Mike and I spend time down in Phoenix, chatting with “city folk.”
A few weeks ago, I was invited to a housewarming party down in Phoenix. The party was yesterday evening. After some minor discussion, Mike and I hopped into my city car (the Honda S2000), put the top down, and sped southeast.
We hit Home Depot and A.J.’s Fine Food along the way. At Home Depot, we needed to gather pricing information for a summer cabin I’d like to build on our property at Howard Mesa. The plan is to have a building shell put on the property, then fill the shell with the comforts of home — things like toilets, sinks, lights, a bed, a stove. You know. That stuff you have where you live that makes your home feel more like a home than a campsite. We bought our hostess a nice orchid plant with a decorative pot and a Home Depot gift card. Then we hit A.J.’s for some deli salads and a cake.
Our hostess was one of my editors. I write articles for a technology Web site called InformIt, which is somehow related to Peachpit Press, one of my publishers. I write about the kinds of things that can be found in my Peachpit books and InformIt adds links so readers can buy my books. They also pay me a few hundred bucks per article. That’s a good deal for me, since I can knock off two articles in a day and they seem interested in publishing anything I want to write about. When I’m done with my Tiger book, I plan on writing eight or ten articles for them before I dive into my QuickBooks book.
I’d never met Esther in person and the photos she uses as her iChat icon looks nothing like she does in real life. (I think it might be a glamour photo.) So when we arrived at her house, it took some guessing to figure out which one she was. I got a big hug before she hurried off to do other things. Mike and I grabbed a coke and tried to mingle with the other guests. We were not very successful. The other guests were gathered in groups and obviously knew each other. They pretty much ignored us newcomers. I guess they didn’t need to meet anyone new. We didn’t need to meet anyone new either, but you don’t normally go to a party with that attitude, so we’d left it at home. Since several of the conversations seemed to revolve around OS/2 (an ancient IBM-created operating system, if you recall), we didn’t feel as if we were missing much.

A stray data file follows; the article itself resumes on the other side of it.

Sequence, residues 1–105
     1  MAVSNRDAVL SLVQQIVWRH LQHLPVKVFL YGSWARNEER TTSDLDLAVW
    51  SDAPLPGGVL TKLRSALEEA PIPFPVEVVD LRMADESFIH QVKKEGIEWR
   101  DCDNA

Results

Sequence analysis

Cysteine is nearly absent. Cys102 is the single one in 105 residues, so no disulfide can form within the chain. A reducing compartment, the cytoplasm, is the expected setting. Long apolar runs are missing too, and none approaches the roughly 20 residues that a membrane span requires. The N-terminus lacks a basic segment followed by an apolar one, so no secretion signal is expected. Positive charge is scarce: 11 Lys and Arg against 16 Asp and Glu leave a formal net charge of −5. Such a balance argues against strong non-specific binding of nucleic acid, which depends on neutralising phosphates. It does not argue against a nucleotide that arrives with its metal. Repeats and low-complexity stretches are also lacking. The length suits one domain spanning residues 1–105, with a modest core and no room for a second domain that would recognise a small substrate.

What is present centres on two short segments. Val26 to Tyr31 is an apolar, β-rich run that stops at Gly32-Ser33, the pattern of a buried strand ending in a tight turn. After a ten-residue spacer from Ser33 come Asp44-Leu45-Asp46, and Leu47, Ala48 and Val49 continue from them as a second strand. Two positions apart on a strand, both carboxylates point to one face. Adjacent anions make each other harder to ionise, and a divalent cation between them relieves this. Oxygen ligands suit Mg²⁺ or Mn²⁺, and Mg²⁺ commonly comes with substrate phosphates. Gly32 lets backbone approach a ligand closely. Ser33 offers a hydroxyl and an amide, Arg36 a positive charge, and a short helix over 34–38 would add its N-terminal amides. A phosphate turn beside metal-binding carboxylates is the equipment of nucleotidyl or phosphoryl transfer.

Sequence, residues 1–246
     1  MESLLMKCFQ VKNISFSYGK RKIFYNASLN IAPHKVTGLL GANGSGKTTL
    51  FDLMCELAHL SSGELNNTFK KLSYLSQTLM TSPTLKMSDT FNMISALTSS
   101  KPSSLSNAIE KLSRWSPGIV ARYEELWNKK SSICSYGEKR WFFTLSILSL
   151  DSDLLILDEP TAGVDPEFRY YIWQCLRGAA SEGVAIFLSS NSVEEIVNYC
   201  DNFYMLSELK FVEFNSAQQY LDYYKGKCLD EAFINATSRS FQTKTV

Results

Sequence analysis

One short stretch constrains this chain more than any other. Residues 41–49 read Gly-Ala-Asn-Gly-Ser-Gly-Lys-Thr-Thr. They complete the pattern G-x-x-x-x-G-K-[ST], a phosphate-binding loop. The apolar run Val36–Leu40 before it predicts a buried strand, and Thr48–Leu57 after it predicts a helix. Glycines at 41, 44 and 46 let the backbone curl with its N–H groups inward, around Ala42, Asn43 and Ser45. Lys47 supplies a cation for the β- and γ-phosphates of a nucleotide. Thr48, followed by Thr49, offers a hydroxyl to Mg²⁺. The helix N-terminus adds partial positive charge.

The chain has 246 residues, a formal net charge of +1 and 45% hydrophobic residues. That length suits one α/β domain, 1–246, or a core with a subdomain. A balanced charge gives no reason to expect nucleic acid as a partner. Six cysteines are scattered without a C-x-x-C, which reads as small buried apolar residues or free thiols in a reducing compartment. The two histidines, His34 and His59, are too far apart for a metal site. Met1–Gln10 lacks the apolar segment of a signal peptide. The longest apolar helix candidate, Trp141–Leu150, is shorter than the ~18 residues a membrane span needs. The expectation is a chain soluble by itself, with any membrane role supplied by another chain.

After a while, Esther showed us around the house. They’d been living there three months and had finished most of their unpacking. Both Esther and her husband, Bill, work out of the house and their offices were in the two front bedrooms, side by side. Lots of computer stuff. Mike says the house was probably built in the 70s, but I think it might be early 80s. It had an interesting layout, with a master bedroom suite tucked into one corner and a long, narrow kitchen with two giant refrigerators and a chest freezer. (Seriously into refrigeration, as Mike said.) Esther brought us back out into the back yard, which was completely surrounded by a 6-1/2 foot wall, and had a curvy-shaped pool with a fence around it. There were big trees that shaded the half of the yard without the pool. The next door neighbor had really, really tall palm trees. A third of an acre, Esther told us proudly. “Pretty big for this area.”
The area was just south of Thunderbird around 56th Street. All the houses were like Esther’s: single-story homes with walled-in back yards, and security company signs on their front lawns. Suburbia. Later, Mike commented about how odd it was to not be able to see the horizon from the backyard. I hadn’t thought about it. The backyard hadn’t seemed like the outdoors to me and I wasn’t really expecting to see the horizon.